forests have less dead wood than other regions of the United States,
yet it plays a crucial role," said Zander Evans, research director of Forest Guild.
Particulate Matter Linked to Diabetes
(source: Diabetes Care, Oct. 29, 2010)
Researchers from Children's Hospital Boston
released a study covering every county in the contiguous U.S.
demonstrating a "consistent correlation between adult diabetes and
particulate air pollution," or PM 2.5, a component of haze, smoke
(including biomass incineration), and vehicle exhaust, even at levels
deemed safe by the Environmental Protection Agency.
"From a policy perspective," said John Brownstein of the Children's Hospital Informatics Program,
"the findings suggest that the current EPA limits on exposure may not
be adequate to prevent negative public health outcomes from particulate
counties well within EPA limits for exposure to PM 2.5, those with the
highest compared to the lowest measurements of pollution demonstrated a
greater than 20 percent increase in diabetes.
For every 10 microgram per cubic meter increase in PM 2.5 exposure, prevalence of diabetes went up by 1 percent.
findings of the report correlate with studies where mice exposed to PM
2.5 showed an increase in insulin resistance, a precursor to diabetes.
Please contact your U.S. Senators and Representative (www.contactingthecongress.org) and ask them to urge the EPA to enact stronger standards for biomass incineration.
EPA’s “Boiler Rule” Revision
Feb. 26, 2011 The Environmental Protection Agency
(EPA) released revised “Boiler Rule” regulations establishing “Maximum
Available Control Technology” (MACT) for industrial and commercial
boilers, including those that burn biomass for electricity.
rule sets guidelines for emissions of particulates, carbon monoxide,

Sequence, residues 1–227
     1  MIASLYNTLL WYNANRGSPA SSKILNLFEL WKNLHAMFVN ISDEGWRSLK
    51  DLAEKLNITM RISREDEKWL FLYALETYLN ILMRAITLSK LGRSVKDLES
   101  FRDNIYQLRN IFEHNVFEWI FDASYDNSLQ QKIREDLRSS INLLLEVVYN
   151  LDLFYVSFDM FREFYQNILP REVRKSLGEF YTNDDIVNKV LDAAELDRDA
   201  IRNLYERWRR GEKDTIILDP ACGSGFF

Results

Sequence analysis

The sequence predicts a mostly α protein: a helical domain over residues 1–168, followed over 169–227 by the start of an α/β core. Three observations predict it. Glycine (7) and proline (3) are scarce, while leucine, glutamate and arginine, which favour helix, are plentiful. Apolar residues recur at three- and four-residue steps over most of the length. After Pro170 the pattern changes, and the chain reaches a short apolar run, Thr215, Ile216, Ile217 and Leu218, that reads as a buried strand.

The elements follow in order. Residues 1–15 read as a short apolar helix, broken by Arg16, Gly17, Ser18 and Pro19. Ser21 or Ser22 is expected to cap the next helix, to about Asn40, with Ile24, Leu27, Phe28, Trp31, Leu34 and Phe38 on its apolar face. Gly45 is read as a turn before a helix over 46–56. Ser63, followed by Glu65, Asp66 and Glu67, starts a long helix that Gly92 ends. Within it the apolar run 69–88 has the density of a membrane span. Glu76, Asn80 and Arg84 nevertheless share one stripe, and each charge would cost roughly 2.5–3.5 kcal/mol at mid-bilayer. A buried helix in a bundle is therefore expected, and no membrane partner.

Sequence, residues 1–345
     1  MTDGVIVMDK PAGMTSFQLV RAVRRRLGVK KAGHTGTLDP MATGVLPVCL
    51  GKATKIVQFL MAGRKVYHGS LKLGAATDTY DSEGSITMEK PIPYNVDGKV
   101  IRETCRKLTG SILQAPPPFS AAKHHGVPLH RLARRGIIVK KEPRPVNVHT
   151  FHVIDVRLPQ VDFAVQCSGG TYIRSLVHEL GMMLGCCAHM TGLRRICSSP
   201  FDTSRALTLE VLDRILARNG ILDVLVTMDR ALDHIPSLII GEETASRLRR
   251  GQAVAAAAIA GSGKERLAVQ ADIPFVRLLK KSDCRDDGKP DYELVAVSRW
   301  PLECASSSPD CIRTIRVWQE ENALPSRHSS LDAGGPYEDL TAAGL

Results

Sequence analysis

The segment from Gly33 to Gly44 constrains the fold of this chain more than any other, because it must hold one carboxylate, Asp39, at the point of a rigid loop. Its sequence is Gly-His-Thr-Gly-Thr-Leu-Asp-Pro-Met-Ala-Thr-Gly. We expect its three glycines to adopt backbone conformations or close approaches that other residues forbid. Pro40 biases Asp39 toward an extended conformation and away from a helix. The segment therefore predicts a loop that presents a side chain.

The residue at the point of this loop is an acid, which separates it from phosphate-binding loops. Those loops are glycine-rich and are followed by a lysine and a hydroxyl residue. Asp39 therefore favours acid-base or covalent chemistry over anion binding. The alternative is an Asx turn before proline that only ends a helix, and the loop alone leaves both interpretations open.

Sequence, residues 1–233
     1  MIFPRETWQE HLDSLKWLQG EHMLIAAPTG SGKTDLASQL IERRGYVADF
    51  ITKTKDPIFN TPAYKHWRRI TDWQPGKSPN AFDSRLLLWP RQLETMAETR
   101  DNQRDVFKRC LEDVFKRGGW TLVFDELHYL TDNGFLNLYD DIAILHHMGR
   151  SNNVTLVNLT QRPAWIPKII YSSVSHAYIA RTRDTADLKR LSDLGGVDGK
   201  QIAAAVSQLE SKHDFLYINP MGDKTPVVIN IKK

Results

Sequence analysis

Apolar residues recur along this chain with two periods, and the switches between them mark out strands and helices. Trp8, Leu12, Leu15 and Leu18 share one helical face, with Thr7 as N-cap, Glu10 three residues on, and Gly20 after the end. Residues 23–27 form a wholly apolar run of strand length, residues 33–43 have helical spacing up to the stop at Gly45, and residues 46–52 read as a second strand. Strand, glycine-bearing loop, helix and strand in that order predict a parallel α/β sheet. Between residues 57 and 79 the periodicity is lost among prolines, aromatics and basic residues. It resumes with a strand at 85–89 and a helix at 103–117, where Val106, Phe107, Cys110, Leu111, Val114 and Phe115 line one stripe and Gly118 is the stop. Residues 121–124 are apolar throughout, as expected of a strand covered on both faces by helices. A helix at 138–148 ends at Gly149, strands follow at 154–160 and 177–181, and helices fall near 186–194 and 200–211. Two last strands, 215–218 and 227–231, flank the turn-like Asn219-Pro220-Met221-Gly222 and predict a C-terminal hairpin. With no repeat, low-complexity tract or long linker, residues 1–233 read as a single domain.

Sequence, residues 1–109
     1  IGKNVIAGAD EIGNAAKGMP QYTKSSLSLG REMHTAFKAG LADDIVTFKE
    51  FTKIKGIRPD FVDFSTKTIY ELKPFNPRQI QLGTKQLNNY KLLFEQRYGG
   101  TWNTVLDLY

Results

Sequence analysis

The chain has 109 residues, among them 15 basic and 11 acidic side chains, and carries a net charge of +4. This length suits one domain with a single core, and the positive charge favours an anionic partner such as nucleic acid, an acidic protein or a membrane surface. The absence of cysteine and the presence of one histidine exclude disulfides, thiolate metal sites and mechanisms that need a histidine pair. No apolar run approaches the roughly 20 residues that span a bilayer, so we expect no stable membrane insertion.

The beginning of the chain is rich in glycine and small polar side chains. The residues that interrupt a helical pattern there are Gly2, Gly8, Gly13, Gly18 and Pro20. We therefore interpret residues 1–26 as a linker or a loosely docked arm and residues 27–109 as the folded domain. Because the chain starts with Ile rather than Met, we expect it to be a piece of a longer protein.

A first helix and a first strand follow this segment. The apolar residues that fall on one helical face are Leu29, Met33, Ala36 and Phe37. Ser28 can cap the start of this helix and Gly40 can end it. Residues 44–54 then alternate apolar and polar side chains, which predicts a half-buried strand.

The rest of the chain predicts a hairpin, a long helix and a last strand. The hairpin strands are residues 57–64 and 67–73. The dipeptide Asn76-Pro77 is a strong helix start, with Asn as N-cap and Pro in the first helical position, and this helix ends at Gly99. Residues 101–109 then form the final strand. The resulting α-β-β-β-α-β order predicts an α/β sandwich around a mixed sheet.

hydrogen chloride, mercury and dioxins/furans for “major source”
emitters and particulates, and carbon monoxide for “area source”
emitters (most biomass incinerators).
new category combines coal and biomass boilers, allowing most biomass
incinerators not to have to install scrubbers for mercury, hydrochloric
acid, and some other pollutants. Smaller units will be required only to
conduct regular “tune-ups” rather than being held to numeric emissions
industry lobbying resulted in the weakened regulations, which have
rolled back public health protections from air pollutants.
|Biomass Buster of the Month
"We should not be chopping down our public forests for inefficient power plants," says Alexandra Dawson, a "mostly retired" environmental lawyer involved in Massachusetts' anti-biomass fight for the past five years.
has been a major force in convincing the state to rethink taxpayer and
ratepayer subsidies to biomass power incineration.
But, like other biomass opponents across the state, region, and nation, Alexandra isn't resting easy until the Massachusetts Department of Energy Resources gets those "blasted 'regs' enforced."
|Trashing the Climate
|Waste and Climate
Global Alliance for Incinerator Alternatives (GAIA)
and landfilling waste releases greenhouse gases, including carbon
dioxide from incinerators and methane from landfills, that are
significant contributors to global climate change. These methods of
waste disposal also deprive the economy of reused, recycled and
composted materials, requiring the constant use of energy and raw
materials to fuel an unsustainable one-way production and consumption
burning materials that could be reused, recycled, or composted,
incinerators destroy the energy-saving potential of putting those
materials to better use. Recycling, for instance, saves 3 to 5 times the
energy that waste incinerator power plants generate. For these reasons,
"waste-to-energy" plants would be more aptly named "waste-of-energy"
Passive House (Passivhaus)
Passive House concept represents today's highest energy standard with
the promise of slashing the heating energy consumption of buildings by
an amazing 90%. Data from the U.S. Energy Information Administration
shows that buildings are responsible for 48% of greenhouse gas emissions
annually and 76% of all electricity generated by U.S. power plants goes
to supply the Building Sector.
Passive House is a very well-insulated, virtually air-tight building
that is primarily heated by passive solar gain and by internal gains
from people, electrical equipment, etc. Energy losses are minimized. Any
remaining heat demand is provided by an extremely small source.
Avoidance of heat gain through shading and window orientation also helps
to limit any cooling load, which is similarly minimized. An energy
recovery ventilator provides a constant, balanced fresh air supply.